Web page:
What Is a Good Credit Score?

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Generally, a credit score can range anywhere between 300 and 850. But sometimes you may see scores as high as 990 — it all depends on the scoring model that’s being used. There are many different scoring models out there (e.g., FICO, VantageScore, TransRisk, etc.), and each model uses a different methodology to calculate your score.

No matter which model you may be looking at, the key thing to remember is that the higher your score, the more financially responsible or “creditworthy” you are in the eyes of lenders. And as a result, you’re more likely to get approved for loans and credit cards with favorable terms, such as lower interest rates, which could potentially save you thousands of dollars over the lifetime of a mortgage or car loan.

But what exactly is considered a good credit score?

Think of a “good” credit score as a range instead of a number

Rather than thinking about a good credit score as a specific number, it’s more helpful to understand the range of good credit scores. Credit score ranges are what gives context to your actual score — in other words, they put some meaning behind the number.

Let’s look at one of the most common credit scoring system, FICO, as an example. Standard FICO credit scores can go from 300 to 850 and are split into different ranges – from “poor” all the way up to “exceptional.”

  • Poor: Below 580
  • Fair: 580 – 669
  • Good: 670 – 739
  • Very Good: 740 – 799
  • Exceptional: 800+

Generally speaking, a “good” or “very good” FICO score falls between 670 and 799. However, it’s important to remember these ranges are just general guidelines to help lenders determine your creditworthiness. Individual lenders may have their own standards of what is considered a good credit score.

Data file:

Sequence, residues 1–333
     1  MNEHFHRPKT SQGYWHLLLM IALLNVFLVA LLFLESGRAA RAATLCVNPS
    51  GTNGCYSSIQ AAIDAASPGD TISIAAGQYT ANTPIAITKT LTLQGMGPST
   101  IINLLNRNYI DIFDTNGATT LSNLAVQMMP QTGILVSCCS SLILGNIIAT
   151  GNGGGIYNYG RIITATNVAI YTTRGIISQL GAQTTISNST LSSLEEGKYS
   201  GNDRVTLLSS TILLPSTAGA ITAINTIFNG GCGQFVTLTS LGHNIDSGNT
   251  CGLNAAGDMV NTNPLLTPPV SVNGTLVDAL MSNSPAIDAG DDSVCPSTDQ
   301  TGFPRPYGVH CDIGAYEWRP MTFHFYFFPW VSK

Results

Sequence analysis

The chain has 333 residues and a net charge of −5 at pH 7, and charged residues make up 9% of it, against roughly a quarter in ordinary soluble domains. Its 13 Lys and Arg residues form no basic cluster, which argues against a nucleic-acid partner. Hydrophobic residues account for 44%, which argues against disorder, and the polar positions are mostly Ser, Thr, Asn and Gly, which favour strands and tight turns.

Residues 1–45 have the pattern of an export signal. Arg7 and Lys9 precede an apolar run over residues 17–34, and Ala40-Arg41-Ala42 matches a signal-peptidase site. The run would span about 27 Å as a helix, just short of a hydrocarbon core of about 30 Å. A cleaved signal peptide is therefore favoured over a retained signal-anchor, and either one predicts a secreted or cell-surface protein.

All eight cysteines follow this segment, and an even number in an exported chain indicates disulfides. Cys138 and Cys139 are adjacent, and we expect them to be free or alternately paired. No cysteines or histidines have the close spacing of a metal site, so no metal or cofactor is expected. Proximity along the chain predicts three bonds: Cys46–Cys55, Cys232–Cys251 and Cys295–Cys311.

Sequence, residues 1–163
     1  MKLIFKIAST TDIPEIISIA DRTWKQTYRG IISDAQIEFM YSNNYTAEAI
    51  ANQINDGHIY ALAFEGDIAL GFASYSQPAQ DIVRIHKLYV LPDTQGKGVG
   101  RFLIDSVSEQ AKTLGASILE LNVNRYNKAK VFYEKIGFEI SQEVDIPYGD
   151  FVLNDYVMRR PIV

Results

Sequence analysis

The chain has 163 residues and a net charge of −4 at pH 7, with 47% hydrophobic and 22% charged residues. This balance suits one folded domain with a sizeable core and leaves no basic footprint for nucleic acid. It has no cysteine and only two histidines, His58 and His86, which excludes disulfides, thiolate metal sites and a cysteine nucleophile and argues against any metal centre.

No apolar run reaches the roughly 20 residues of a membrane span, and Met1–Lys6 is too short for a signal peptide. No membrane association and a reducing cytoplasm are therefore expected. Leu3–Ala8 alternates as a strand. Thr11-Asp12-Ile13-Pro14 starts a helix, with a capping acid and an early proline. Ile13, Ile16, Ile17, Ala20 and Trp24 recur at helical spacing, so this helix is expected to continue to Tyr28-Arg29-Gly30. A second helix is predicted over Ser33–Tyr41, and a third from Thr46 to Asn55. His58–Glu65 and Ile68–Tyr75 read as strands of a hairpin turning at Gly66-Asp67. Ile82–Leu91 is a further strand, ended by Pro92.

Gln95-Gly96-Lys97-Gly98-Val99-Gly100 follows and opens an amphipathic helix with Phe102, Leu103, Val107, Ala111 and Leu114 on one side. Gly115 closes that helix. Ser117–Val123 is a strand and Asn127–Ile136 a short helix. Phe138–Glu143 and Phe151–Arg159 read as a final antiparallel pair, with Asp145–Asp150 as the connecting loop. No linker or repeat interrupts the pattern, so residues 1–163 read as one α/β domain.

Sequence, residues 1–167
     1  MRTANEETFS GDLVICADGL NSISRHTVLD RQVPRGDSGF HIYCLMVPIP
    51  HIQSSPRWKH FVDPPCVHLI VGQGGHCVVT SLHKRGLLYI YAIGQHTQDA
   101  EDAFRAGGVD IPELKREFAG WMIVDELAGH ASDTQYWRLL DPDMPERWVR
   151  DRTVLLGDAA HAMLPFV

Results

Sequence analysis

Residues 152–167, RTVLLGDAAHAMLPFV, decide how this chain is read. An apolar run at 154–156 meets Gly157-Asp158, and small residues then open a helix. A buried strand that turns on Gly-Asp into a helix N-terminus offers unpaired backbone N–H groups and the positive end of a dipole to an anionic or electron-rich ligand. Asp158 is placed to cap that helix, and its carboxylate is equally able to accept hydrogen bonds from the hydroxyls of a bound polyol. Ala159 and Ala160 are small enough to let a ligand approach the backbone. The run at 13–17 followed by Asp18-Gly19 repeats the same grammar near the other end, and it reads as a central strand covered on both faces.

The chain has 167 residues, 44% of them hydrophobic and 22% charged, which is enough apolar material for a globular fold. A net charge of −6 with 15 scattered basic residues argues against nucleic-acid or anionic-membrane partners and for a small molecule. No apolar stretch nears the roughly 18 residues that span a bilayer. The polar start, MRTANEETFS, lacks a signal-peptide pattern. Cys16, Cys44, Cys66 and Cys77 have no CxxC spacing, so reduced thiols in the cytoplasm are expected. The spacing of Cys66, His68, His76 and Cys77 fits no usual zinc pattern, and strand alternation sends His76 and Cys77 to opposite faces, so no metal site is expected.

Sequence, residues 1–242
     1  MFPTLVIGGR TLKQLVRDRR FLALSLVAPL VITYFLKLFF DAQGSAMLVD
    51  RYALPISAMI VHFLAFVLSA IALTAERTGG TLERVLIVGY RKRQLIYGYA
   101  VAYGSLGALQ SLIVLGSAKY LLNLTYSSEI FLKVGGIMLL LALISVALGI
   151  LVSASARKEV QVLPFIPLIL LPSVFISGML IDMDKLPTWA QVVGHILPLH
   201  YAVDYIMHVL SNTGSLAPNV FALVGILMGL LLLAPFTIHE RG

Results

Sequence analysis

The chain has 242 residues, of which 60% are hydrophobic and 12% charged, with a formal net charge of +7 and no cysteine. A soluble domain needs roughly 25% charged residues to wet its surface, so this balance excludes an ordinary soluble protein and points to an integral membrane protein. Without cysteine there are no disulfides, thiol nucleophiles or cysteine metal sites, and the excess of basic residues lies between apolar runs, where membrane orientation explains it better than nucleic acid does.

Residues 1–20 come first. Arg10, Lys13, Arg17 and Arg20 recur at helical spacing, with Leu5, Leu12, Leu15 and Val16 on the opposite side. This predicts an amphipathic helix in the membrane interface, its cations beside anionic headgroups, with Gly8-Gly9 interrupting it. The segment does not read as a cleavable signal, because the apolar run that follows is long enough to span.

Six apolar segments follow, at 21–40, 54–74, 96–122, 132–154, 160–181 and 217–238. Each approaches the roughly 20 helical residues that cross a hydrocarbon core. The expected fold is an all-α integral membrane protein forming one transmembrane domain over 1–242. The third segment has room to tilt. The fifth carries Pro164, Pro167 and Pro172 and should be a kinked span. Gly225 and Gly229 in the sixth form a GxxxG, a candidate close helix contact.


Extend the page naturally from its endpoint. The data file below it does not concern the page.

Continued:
Also, keep in mind that your numerical credit score can mean different things under different scoring models. For example, while a score of 665 on the FICO scale is only considered a “fair” credit score, it is considered to be a “good” credit score under the VantageScore 3.0 model.

That’s why when thinking about a “good” credit score, don’t get too bogged down by a specific number – focus on understanding the ranges for a good score.

Benefits of a good credit score

Having a good credit score may help you get approved for new lines of credit with favorable borrowing terms, including lower interest rates and higher credit limits. A good credit score can also help you qualify for credit cards with rewards like sign-up bonuses, cash back, travel points, low interest rates and 0% APR introductory offers.

Your credit score can make a difference in other areas of your life as well. Say you move into a new apartment and call the local utility company to set up service. Utility companies may check your credit score during registration, then use it to determine whether or not you need to pay a security deposit.

Insurance carriers may also consider your credit score when they are setting the prices for homeowners and auto insurance premiums. Why? Your score can help insurers assess whether you’re likely to experience an incident and file a claim.

How you could get a good credit score

Everyone stands to benefit from improving their credit score. Here are a few potential ways to help boost it.

  • Maintain a good payment history by paying bills on time and in full.
  • Apply for new lines of credit only when you need it; applications can trigger a hard inquiry that could temporarily lower your score.
  • Keep your credit utilization low.
  • Monitor your credit report regularly and check for errors.

This article is for informational purposes only and is not a substitute for individualized professional advice. Articles on this website were commissioned and approved by Marcus by Goldman Sachs®, but may not reflect the institutional opinions of The Goldman Sachs Group, Inc., Goldman Sachs Bank USA, Goldman Sachs & Co. LLC or any of their affiliates, subsidiaries or divisions.